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Friday, 6 February 2015

The Legends of the Tubatulabal People.

Hi dear friends and followers, today we visit the Tubatulabal People.

The Tubatulabal People lived in south central California, in a northeasterly direction from the Chumash Tribe. They were very skilled in making pottery and baskets and lived off the land mainly as hunters and gatherers. They took game animals as well as harvesting pine nuts, acorns, and native tobacco.

The first story in the collection that is presented here features Coyote, a stock character in Native legends, in his usual role as a rather mischevous hero in an encounter with the sun.

The other stories deal with either why things are as the storyteller sees them or why and how a certain ritual, the Ghose Dance, is performed. This is the first time that I have seen such an explanation and I am pleased to share it with you.

Coyote and Sun 

Along time ago, Coyote wanted to go to the sun. He asked Pokoh, Old Man, to show him the trail. Coyote went straight out on this trail and he travelled it all day. But Sun went round so that Coyote came back at night to the place from which he started in the morning. 

The next morning, Coyote asked Pokoh to show him the trail. Pokoh showed him, and Coyote travelled all day and came back at night to the same place again.

But the third day, Coyote started early and went out on the trail to the edge of the world and sat down on the hole where the sun came up. While waiting for the sun he pointed with his bow and arrow at different places and pretended to shoot. He also pretended not to see the sun. When Sun came up, he told Coyote to get out of his way. Coyote told him to go around; that it was his trail. But Sun came up under him and he had to hitch forward a little. After Sun came up a little farther, it began to get hot on Coyote's shoulder, so he spit on his paw and rubbed his shoulder. Then he wanted to ride up with the sun. Sun said, "Oh, no"; but Coyote insisted. So Coyote climbed up on Sun, and Sun started up the trail in the sky. The trail was marked off into steps like a ladder. As Sun went up he counted "one, two, three," and so on. By and by Coyote became very thirsty, and he asked Sun for a drink of water. Sun gave him an acorn-cup full. Coyote asked him why he had no more. About noontime, Coyote became very impatient. It was very hot. Sun told him to shut his eyes. Coyote shut them, but opened them again. He kept opening and shutting them all the afternoon. At night, when Sun came down, Coyote took hold of a tree. Then he clambered off Sun and climbed down to the earth.


Pokoh, the Old Man 

Pokoh, Old Man, they say, created the world. Pokoh had many thoughts. He had many blankets in which he carried around gifts for men. He created every tribe out of the soil where they used to live. That is why an Indian wants to live and die in his native place. He was made of the same soil. Pokoh did not wish men to wander and travel, but to remain in their birthplace. 

Long ago, Sun was a man, and was bad. Moon was good. Sun had a quiver full of arrows, and they are deadly. Sun wishes to kill all things.

Sun has two daughters (Venus and Mercury) and twenty men kill them; but after fifty days, they return to life again.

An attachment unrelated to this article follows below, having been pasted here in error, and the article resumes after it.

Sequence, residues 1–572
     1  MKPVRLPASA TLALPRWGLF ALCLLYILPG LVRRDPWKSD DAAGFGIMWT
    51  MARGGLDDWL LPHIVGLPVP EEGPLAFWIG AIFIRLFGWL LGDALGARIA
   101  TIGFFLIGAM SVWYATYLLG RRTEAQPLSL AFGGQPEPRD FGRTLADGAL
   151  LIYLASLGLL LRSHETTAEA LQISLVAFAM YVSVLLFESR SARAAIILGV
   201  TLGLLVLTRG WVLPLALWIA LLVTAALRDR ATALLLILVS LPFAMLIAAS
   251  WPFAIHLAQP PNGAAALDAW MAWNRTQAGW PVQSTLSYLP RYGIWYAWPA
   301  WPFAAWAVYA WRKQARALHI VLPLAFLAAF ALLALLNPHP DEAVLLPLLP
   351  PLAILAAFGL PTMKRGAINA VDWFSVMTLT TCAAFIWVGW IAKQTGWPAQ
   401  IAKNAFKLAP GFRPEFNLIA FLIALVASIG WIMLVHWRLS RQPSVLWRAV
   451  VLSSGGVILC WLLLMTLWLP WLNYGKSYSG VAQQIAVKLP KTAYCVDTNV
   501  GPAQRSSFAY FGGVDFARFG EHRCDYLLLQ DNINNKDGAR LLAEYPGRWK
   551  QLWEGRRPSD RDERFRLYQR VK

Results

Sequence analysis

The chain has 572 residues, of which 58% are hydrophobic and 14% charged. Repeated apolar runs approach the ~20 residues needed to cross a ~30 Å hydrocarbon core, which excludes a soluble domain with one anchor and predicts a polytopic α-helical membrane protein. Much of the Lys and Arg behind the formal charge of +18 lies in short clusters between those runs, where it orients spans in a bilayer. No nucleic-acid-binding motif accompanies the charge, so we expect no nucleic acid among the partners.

Rainbow is the sister of Pokoh, and her breast is covered with flowers. 

Lightning strikes the ground and fills the flint with fire. That is the origin of fire. Some say the beaver brought fire from the east, hauling it on his broad, flat tail. That is why the beaver's tail has no hair on it, even to this day. It was burned off.

There are many worlds. Some have passed and some are still to come. In one world the Indians all creep; in another they all walk; in another they all fly. Perhaps in a world to come, Indians may walk on four legs; or they may crawl like snakes; or they may swim in the water like fish.



Song of the Ghost Dance


The snow lies there - ro-rani!
The snow lies there - ro-rani!
The snow lies there - ro-rani!
The snow lies there - ro-rani!
The Milky Way lies there.
The Milky Way lies there.

"This is one of the favorite songs of the Paiute Ghost dance. . . . It must be remembered that the dance is held in the open air at night, with the stars shining down on the wide-extending plain walled in by the giant Sierras, fringed at the base with dark pines, and with their peaks white with eternal snows. Under such circumstances this song of the snow lying white upon the mountains, and the Milky Way stretching across the clear sky, brings up to the Paiute the same patriotic home love that comes from lyrics of singing birds and leafy trees and still waters to the people of more favored regions. . . . The Milky Way is the road of the dead to the spirit world."


California Big Trees 

The California big trees are sacred to the Monos, who call them "woh-woh-nau," a word formed in imitation of the hoot of the owl. The owl is the guardian spirit and the god of the big trees. Bad luck comes to those who cut down the big trees, or shoot at an owl, or shoot in the presence of the owl.

In olddays the Indians tried to persuade the white men not to cut down the big trees. When they see the trees cut down they call after the white men. They say the owl will bring them evil.


Reference map

Thank you very much again, dear friends, for visiting my blog. Please share your thoughts with us, if you will. have a great Week. 

ڰۣIn Loving Light from the Fairy Ladyڰۣ

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